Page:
When your kid is too old to visit Santa

When your kid is too old to visit Santa

Parenting a tween means trying to figure out when to hold your offspring close and when to let them fly, and determining what you should insist upon and what you should let go.

It’s the “letting go” part that I find to be hardest, and that’s especially true at the holidays. There are so many reminders of those sweet moments from Christmas Past, and I’d like to relive them here in Christmas Present. My daughter, however, has other ideas.

I have a photo of her visiting Santa for each year she’s been alive. I put them out every Christmas and I love displaying those memories every year.

The photo from when she was four months old get me every single time I see it. Taking it out of the box each year guarantees a lump in my throat.

Where did that sweet baby go?

And then there’s the picture from last year. The one she took solely to humor me, begrudgingly so, and it’s pretty obvious from her forced smile that she’s hoping no one she knows walks past. Don’t get me wrong, I adore that smile, forced or otherwise.

Forced smiles and the need for bribery and/or coercion haven’t stopped me in the past. There may be a few more forced smiles among the collection than I care to admit.

But. But. Santa! The cuteness!

“I know I say every year that I’m done with the picture with Santa. And I do mean it when I say that. But when I take the pictures out, I want another one,” I said to my husband tonight.

He paused and then asked with a wee bit of concern, “Do you want her to be like those kids who took an annual picture with Santa for 30 years or something just for their mom?”

“Yes! Yes, I do,” I informed him without hesitation. “Those were model children, I tell you. I’m sure their mother didn’t ask for much. In fact, she probably didn’t have to ask, they just knew that one quick pic with Santa would make her really happy. How great would that be?”


So yeah, Santa and my girl had a good run together (I have the photos to prove it!), but if I’m following her lead, the tradition has run its course. She’d go happily only if there was a Santa visitor protection program. And if that’s where we’re at, perhaps it’s time to move on.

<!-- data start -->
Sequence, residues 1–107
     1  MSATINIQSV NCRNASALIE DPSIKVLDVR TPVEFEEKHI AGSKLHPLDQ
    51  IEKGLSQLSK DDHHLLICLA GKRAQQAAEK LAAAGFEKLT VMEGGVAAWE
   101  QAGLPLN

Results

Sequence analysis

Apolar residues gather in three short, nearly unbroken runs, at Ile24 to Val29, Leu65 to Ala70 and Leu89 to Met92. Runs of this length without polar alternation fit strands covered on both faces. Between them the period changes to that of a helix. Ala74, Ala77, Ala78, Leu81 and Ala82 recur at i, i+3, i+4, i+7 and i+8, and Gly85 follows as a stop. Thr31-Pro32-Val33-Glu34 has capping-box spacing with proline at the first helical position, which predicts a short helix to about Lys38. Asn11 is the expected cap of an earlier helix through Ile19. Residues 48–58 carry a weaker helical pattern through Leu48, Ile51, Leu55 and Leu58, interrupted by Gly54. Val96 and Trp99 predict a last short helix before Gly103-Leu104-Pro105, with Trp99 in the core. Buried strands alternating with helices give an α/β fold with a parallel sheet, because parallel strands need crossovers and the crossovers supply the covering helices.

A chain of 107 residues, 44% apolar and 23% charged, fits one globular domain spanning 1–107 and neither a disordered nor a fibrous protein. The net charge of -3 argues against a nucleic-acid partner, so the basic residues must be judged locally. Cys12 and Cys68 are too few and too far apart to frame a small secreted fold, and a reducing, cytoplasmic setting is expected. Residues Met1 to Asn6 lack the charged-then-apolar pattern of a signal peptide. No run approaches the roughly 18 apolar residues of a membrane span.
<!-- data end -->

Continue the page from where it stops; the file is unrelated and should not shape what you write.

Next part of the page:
I went to the words of Francis Church, editor of The Sun in 1897 who wrote “Yes, Virginia, There is a Santa Claus” to find something to give me a reason to keep taking the photos, but sadly, I found the opposite. He concludes the famous piece with these lines:

“No Santa Claus! Thank God! He lives and lives forever. A thousand years from now, Virginia, nay 10 times 10,000 years from now, he will continue to make glad the heart of childhood.”

And it hit me. My almost teenager is at the end of childhood.

I’ve been trying hard to deny that fact, but I can’t coerce or bribe my way out of the march of time or human development. That my baby is exiting childhood is thrilling to her, and also to me, most days. Other days, like now, it’s bittersweet and, well, sad.

We will make new memories, and there will be other fabulous holiday photos.

But for now I’ll study those old pictures and say goodbye to Santa and to her childhood. I’ll wish that I could trace my finger over the chubby cheek of that rather concerned baby’s face, feel the incredible excitement and the pure glee of the preschool years, capture the serious questioning of the elementary period, and recall the chat with Santa about One Direction tickets that produced the forced smile of last year. (Yeah, Santa and boy bands don’t always mix. I get it.)

Those years have been my greatest gifts. At the top of my Christmas list for Santa this year is the hope that even if she’s too old to visit Santa that she never stops wishing and hoping for great things, and putting those wishes out into the world where people can help make her dreams come true.

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